Fri 01 Dec 2017 View all news articles

UK house prices continue slow, steady rise despite Budget boost for first-time buyers

House prices continued to rise steadily in November 2017, despite dipping confidence from buyers, according to the latest figures.

The average house price in the UK is £210,000, up 2.5 per cent on last year, continuing the run of modest price growth between two and four per cent since March this year.

A delicate balance of low mortgage rates and high employment supporting demand combined with a lack of homes for sale was keeping price growth stable, despite stretched household incomes weighing on buyer confidence, according to the report by Nationwide.

The figures showed little impact on prices from the stamp duty cut for first-time buyers announced in the Budget earlier this month, even though the number of people who will have to pay the tax and the amount they will have to pay has dropped in all regions.

Before the Budget, when the lower threshold for stamp duty was £125,000 for all buyers, 100 per cent of first-time buyers in London were liable for the tax, with an average bill of £13,102.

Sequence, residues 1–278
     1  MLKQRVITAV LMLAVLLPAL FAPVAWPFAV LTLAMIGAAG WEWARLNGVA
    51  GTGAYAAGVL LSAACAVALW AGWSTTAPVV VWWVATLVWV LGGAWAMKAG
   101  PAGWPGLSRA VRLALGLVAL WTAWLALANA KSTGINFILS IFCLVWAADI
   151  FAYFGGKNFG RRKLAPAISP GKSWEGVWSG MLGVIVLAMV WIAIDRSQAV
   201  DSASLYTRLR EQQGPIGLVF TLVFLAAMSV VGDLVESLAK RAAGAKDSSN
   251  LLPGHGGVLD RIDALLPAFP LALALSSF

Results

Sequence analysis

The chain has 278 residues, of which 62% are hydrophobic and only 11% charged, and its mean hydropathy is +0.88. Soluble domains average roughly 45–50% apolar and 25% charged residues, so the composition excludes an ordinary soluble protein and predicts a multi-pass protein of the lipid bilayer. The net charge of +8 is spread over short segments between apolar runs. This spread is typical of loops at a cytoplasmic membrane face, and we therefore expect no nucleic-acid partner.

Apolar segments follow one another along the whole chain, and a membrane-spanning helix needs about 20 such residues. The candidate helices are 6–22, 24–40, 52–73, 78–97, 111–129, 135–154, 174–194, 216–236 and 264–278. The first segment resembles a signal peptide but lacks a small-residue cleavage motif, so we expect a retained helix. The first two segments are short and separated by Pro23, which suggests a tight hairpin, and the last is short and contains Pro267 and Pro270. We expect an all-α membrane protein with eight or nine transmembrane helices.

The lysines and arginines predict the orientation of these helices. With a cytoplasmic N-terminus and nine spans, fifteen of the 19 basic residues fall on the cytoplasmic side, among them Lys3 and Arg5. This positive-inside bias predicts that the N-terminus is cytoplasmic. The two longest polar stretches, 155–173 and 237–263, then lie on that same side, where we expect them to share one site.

After the Budget the number of London first-time buyers paying stamp duty should drop to 81 per cent, with the average amount reduced to £9,778.

In the North less than half of buyers paid stamp duty before the Budget, with the average payment £639.

This figure will drop to just two per cent of first-time buyers paying an average of £100 following the changes.

Despite these reductions, Nationwide forecast there would continue to be little change to house prices as a result of the stamp duty cut.

“The decision in the Budget to abolish stamp duty (SDLT) for first time buyers purchasing a property up to £300,000 (with relief for those purchasing a property up to £500,000) is likely to have only a modest impact on overall demand.

"In many regions, first time buyers already paid little or no stamp duty as the price of the typical first time buyer property was below the previous threshold of £125,000," said Robert Gardner, Nationwide's chief economist.

“The potential savings are more substantial for borrowers where house prices are higher, especially in London and the South East.

"However, as the Office for Budget Responsibility noted, some of the benefit is likely to be passed on to existing home owners through higher house prices, though overall impact on prices is likely to be very modest (the OBR estimate they may be increased by c.0.3 per cent, mostly in 2018)."

Source: Homes & Property

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